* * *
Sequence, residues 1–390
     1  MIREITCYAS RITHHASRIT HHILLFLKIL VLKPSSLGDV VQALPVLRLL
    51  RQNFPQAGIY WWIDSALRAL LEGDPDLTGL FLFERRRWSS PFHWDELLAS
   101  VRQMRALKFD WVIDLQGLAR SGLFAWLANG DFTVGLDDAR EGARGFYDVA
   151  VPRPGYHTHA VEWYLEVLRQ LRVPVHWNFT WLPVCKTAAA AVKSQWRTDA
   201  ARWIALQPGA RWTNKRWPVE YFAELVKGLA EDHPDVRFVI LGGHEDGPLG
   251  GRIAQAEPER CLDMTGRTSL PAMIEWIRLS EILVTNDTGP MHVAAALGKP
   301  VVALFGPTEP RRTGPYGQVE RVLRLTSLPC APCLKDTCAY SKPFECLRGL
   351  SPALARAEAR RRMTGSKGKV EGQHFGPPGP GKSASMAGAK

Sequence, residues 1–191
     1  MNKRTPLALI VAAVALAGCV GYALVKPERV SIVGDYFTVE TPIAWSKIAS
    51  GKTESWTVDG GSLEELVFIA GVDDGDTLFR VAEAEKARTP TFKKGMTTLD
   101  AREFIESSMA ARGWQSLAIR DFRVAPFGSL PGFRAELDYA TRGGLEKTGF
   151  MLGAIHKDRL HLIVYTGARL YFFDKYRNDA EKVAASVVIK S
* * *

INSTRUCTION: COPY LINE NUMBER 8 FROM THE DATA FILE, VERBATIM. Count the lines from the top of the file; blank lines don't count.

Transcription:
   301  VVALFGPTEP RRTGPYGQVE RVLRLTSLPC APCLKDTCAY SKPFECLRGL